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Virtual NASA internship gives BW student extraordinary engagement

Photo of Lucas ShalkhauserVirtual internships can still be multi-dimensional. Just ask Lucas Shalkhauser '21, a senior computer science major, who spent the past few months as a SCaN Intern Project (SIP) intern at NASA. Shalkhauser worked on a 3D visualization enhancements project for the Glenn Research Center Communications Analysis Suite.

As a part of the project, Shalkhauser used data from the programming platform MATLAB, a multi-paradigm numerical computing environment and programming language, to plot outlines of communication between locations in the solar system. This work will determine what kind of interference could happen should a planet block a radio signal.

Last summer, as a SIP intern, Shalkhauser worked on the SCaN Codebase Dynamic Tool project. The interactive 3D visualization software he helped create will give scientists and engineers tools to plan orbits and communications for missions.

Engaging the world through national experiences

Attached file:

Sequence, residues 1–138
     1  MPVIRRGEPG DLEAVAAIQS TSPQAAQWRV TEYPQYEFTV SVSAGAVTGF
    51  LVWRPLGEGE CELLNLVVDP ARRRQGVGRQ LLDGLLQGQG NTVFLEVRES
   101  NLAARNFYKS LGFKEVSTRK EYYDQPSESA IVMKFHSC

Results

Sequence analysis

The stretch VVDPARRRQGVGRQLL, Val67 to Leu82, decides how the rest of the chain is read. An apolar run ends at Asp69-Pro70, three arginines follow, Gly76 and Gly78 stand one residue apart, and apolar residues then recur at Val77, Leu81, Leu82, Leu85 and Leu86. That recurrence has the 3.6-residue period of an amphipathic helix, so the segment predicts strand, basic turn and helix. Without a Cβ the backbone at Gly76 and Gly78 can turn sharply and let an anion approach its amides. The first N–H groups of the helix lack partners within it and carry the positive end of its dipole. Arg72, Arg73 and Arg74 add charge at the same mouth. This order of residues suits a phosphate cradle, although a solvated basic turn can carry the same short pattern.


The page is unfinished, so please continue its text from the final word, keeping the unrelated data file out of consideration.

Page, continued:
Photo of Lucas Shalkhauser giving his NASA presentationThe paid SIP internship is hosted by NASA Glenn Research Center in Cleveland and NASA Goddard Space Flight Center in Maryland.

The internship allows students like Shalkhauser to perform hands-on training with real mission scenarios, gain exposure to and analyze robust space communication systems, utilize network software tools and effectively communicate their findings in a final presentation to NASA management.

Students work on their projects with an experienced mentor who also engages with career planning. As the students' knowledge matures, their related NASA activities and training increase in complexity.

Shalkhauser says, "When I think of NASA, I think of a big group of engineers and scientists that are constantly working on the latest technology and always pushing the envelope of what we thought was possible to accomplish incredible things."

Prepared to reach the stars

When asked about life after graduation, Shalkhauser said, "When I graduate, I plan on going to graduate school, then working in the aerospace industry with the hope that I can get a job at NASA someday."

Shalkhauser also encourages others to apply for NASA's SIP internship. Shalkhauser said, "The internship position may seem too difficult, but you can do it! Everyone ends up learning a lot, has fun and completes their project!"

SIP is sponsored by the SCaN Policy and Strategic Communications Office at NASA Headquarters in Washington. SIP takes place during the summer for 10 weeks with potential continuation during the school year. The opportunity is open to students 16 or older who are pursuing a career in space communications and navigation or are interest in these areas.

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